How to be a Good Partner When (remote) Pair Programming

Erin Fox
5 min readApr 10, 2020

Pairing can happen when a teammate is starting a new feature, stuck on an issue or even if they need a buddy to “rubber duck.” It’s important to not get frustrated, be honest, ask questions, and remember you both have the same goal: to resolve the issue. Both sides of the screen can learn, increase code knowledge and articulate engineering concepts out loud. It’s way easier than it seems.

It’s important to be a good pair partner. You don’t want to be a seagull (more on that later.) Here are some practices I’ve found that work for me when getting help and pairing remotely. Same rules apply if you’re pairing side by side!

Before the Call

1. Set up your machine

Before pairing or if you know you will be pairing soon, set up your environments. Rev up your code editor of choice, start your terminal to run the code, have all the files open and grab your headphones in a quiet place with good wifi.

Git Lens is a great plugin on VScode that allows you to see who wrote the code. I love seeing who was working in the file before me and asking them over Slack if they could help. Or, I stalk closed PRs on GitHub to see who in the past has done similar work. I usually like to let my partner know specifics on what I need help with.

Example: I’ll send them the JIRA ticket I am working on, a link to my open PR, or explain over Slack what I need help with so they can prepare and know what they are getting into. It’s also good to be familiar with your video/screen sharing of choice. Zoom has great features for remote control and annotating.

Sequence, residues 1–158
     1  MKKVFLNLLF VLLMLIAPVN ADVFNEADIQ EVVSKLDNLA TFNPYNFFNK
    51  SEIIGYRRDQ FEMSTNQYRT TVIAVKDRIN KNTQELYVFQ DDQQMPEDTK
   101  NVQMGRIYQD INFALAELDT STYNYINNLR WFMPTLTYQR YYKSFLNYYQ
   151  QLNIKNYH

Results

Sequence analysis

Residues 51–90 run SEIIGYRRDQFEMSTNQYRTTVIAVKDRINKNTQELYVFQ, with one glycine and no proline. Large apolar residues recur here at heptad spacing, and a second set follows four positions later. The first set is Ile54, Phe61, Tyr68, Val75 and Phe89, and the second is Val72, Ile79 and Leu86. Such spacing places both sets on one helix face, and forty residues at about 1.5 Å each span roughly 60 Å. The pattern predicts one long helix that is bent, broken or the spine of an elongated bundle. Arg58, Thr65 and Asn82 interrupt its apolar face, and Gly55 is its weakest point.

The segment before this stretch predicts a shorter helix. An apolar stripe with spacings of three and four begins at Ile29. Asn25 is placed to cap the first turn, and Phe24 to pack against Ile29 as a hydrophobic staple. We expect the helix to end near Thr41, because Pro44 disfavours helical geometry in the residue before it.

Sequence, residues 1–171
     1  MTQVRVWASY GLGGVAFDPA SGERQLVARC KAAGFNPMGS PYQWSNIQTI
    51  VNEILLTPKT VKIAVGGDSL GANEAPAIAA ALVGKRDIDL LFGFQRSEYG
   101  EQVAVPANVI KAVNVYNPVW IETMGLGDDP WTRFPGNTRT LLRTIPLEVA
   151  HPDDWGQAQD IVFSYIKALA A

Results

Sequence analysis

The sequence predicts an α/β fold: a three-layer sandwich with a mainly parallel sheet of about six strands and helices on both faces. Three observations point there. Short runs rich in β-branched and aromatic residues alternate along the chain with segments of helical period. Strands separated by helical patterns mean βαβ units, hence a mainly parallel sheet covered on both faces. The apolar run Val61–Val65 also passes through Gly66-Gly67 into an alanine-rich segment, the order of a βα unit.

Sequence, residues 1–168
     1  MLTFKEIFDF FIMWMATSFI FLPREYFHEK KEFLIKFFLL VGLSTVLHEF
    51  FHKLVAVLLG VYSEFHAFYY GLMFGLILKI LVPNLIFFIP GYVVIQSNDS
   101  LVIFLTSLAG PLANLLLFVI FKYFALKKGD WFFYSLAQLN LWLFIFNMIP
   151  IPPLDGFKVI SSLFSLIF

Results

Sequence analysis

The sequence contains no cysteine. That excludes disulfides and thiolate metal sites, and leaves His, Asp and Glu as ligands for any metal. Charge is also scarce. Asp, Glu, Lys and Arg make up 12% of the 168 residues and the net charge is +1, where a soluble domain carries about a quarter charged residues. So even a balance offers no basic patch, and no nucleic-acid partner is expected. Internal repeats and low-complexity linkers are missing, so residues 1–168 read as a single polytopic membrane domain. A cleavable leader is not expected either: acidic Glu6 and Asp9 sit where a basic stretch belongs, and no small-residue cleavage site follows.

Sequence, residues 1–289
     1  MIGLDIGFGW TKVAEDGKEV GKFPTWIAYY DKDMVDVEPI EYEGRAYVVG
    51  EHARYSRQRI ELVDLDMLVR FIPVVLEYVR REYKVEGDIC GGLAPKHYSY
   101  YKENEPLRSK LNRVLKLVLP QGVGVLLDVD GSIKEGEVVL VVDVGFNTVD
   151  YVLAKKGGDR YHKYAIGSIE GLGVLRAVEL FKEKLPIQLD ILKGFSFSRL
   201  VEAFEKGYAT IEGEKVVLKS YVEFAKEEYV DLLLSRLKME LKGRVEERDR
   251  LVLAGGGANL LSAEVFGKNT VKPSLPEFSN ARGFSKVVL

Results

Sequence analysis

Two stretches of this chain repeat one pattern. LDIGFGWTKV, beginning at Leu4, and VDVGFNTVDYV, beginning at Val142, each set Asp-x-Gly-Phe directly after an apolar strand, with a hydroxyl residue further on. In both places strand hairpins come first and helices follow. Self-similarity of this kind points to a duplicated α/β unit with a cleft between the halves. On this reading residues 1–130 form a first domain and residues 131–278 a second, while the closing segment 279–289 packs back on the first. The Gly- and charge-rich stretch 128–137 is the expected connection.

2. Google it

Google the issue/error and try everything you can before asking for help. Or at least let your partner know all the details before pairing. Make a list of everything you’ve googled and tried.

“I haven’t had time to research this but I’d love to work on it together” or “I’ve read and googled as much as i understand but I’m still having issues with XYZ” or “I have no idea where to start and this error scares me.”

Knowing what page you/they are on will allow you both to know where to start and have empathy for the situation.

Side note

Sometimes, google can slip your mind, you’ve had a rough week, just want direction, or you genuinely don’t know how to google or interpret whatever it is you googled. It’s important to not lose your patience or get upset if one of you don’t know something. Pairing is all about learning together to complete a task. Learning how to teach is HUGE and a win-win for the entire team.

You could be teaching members of your team the best ways to google! Share your knowledge with empathy and know everyone is at different levels.

During the call

1. Don’t take over

Pair: a set of two things used together or regarded as a unit.

Congrats! You’re a tiny team! No one is more superior to the other. One may have more experience, but the end goal is for both partners to learn and understand (equally on both sides) on how to resolve the problem.